In Avengers: Endgame, Tony Stark says, “I love you 3000.” Little did we know, he was actually describing the amount of money Marvel (and DC) typically pay the creators of the comic books where these stories originate.
Avengers: Endgame made $2.8 billion at the box office. Most comic book creators get checks for about $5,000 and an invitation to the premiere of the movie they helped inspire.
On August 9, The Guardian published a damning new report on familiar news: The monoliths behind Marvel and DC underpay writers, artists, and creators whose comic book creations inspire big-screen adventures. A few weeks earlier on July 16, The Hollywood Reporter published its own story that called low sums of payment as “Shut-up Money” in its headline.
Both outlets centered on celebrated comic book writer Ed Brubaker, who was shut out of film premieres for Captain America: The Winter Soldier in 2014 and expressed “mixed feelings” in his newsletter about the Disney+ series The Falcon and the Winter Soldier.
In an April 2021 appearance on Kevin Smith’s podcast Fat Man Beyond, Brubaker said: “There’s nothing preventing anyone at Marvel from looking over how much the Winter Soldier has been used in all this stuff and calling me and [co-creator] Steve Epting and saying, ‘You know what, we’re going to try to adjust the standard thing so you guys feel good about this.'”
Brubaker is just one person, but his situation is a microcosm for hundreds of other comic creators whose stories and characters for Marvel and DC — almost always in work-for-hire capacities — make the leap to Hollywood. But outside seeing their names in credits, which fans only stick around for to watch the next teaser, these creators get little thanks.
This isn’t just a question of giving credit where credit’s due, it’s a bigger problem facing the superhero industry right now. If comic book writers and artists feel less compelled to produce noteworthy original ideas for Marvel and DC, that could mean an end to the original ideas that power the biggest genre in Hollywood today.J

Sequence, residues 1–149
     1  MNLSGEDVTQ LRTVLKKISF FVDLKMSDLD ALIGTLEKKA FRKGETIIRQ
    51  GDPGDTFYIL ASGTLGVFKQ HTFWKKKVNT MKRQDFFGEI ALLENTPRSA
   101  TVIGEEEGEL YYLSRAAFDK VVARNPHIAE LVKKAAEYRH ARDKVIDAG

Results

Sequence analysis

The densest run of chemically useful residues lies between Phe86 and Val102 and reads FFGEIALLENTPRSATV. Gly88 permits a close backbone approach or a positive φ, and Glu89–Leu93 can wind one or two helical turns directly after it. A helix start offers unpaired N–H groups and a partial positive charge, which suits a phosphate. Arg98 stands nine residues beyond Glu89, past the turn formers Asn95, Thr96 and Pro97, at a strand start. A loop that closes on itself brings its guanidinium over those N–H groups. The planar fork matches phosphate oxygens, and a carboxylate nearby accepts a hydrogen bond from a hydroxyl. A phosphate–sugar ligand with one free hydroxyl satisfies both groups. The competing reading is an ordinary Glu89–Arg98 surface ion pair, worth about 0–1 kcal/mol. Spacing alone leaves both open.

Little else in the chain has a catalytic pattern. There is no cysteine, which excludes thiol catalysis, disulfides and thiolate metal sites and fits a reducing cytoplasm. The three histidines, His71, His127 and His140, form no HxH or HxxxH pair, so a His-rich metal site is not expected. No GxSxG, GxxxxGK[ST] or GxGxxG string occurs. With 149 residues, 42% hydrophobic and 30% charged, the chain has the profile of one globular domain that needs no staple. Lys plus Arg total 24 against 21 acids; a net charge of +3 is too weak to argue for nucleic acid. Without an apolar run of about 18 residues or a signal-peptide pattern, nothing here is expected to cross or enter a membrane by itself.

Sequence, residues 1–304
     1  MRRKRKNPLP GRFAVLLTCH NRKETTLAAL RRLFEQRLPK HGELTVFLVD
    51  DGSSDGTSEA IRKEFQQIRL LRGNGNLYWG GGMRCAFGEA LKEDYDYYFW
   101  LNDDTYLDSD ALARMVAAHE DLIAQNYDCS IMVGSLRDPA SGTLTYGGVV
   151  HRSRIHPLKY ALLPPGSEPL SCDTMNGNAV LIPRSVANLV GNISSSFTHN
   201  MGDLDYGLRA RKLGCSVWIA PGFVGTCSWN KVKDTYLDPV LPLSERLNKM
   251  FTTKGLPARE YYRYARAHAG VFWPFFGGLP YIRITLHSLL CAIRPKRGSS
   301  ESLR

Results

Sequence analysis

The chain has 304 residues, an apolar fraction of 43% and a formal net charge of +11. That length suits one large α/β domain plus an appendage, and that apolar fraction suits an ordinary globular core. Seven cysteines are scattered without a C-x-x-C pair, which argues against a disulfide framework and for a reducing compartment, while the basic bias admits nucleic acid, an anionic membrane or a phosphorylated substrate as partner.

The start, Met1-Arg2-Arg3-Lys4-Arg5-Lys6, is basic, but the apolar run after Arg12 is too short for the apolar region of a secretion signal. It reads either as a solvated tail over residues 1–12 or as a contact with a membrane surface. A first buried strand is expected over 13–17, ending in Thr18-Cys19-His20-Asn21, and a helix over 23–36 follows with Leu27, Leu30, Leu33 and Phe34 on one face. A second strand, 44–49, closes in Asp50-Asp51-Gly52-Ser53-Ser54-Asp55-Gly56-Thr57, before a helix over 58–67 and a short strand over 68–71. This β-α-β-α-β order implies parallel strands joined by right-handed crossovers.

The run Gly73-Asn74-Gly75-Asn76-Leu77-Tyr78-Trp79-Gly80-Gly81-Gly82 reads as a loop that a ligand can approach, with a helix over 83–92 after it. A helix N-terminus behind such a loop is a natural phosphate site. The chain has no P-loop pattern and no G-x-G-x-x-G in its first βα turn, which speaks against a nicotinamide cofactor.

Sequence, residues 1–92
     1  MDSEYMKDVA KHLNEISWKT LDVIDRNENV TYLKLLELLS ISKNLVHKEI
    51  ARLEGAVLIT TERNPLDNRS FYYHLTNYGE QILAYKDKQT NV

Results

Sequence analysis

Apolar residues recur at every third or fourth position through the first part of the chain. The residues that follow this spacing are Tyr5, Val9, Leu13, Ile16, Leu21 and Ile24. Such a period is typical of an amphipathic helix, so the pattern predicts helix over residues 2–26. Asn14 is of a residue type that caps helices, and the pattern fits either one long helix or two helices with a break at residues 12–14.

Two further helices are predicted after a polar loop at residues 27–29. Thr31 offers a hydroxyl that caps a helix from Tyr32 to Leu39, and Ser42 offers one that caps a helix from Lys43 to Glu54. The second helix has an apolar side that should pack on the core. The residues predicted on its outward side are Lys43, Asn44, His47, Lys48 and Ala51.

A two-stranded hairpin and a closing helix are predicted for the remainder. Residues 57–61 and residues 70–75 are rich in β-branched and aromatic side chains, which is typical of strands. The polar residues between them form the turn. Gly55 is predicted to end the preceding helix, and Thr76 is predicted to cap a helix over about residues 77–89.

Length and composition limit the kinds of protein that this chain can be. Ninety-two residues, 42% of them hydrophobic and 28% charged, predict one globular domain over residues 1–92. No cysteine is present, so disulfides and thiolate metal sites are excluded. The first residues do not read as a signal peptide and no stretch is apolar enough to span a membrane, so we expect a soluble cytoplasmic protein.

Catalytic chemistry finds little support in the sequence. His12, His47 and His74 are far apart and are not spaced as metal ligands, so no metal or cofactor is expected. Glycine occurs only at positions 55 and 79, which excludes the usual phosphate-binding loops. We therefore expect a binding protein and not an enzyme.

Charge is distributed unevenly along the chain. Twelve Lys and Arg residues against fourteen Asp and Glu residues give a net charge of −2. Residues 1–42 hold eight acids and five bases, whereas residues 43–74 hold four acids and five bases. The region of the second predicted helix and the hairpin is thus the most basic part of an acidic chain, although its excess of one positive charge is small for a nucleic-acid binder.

Journalist Reed Tucker, who wrote Slugfest, a nonfiction chronicle of Marvel and DC’s historic rivalry, tells Inverse these consequences are already being felt.
“Marvel and DC aren't in danger of losing out,” Tucker says. “They've already been losing out for decades.”
“No one is going to give away the next Superman to Marvel or DC these days.”
In the late ‘70s, creator compensation “got a lot of attention” when industry giants like Jack Kirby, and Superman creators Jerry Siegel and Joe Schuster, had public spats with publishers over inadequate payment for their popular works, Tucker says.
“At that point, a lot of writers and artists began to become more aware that they weren't going to be fairly compensated for their creations, so many of them stopped creating new characters for Marvel and DC. That's why — in part — if you look at the last few years, most of the ‘new’ characters are derivative of existing characters or gender-swapped heroes, like Lady Bullseye or Jane Foster Thor. No one is going to give away the next Superman to Marvel or DC these days.”
In the story by The Guardian, the most revealing bit of information is Marvel’s “company practice” to send a check for just $5,000 and an invitation to the premiere of the film or TV show. (Brubaker’s story is proof even that isn’t guaranteed, telling The Guardian he was only able to attend the premiere of the 2014 Captain America sequel by texting actor Sebastian Stan, who played his creation Winter Soldier on the screen, for help past security.)
Given that any given Marvel or DC film includes characters and/or stories inspired, however loosely, by an existing work made by real people, the $5,000 payment feels paltry when the same superhero movies continue to set box office records. Even during a pandemic.
The Guardian further looked into both Marvel and DC’s respective contracts — “special character contract” at Marvel, and “creator equity” at DC — and describes them as “ways to keep creators happy enough that they don’t hold back all of their original creations for competitors.”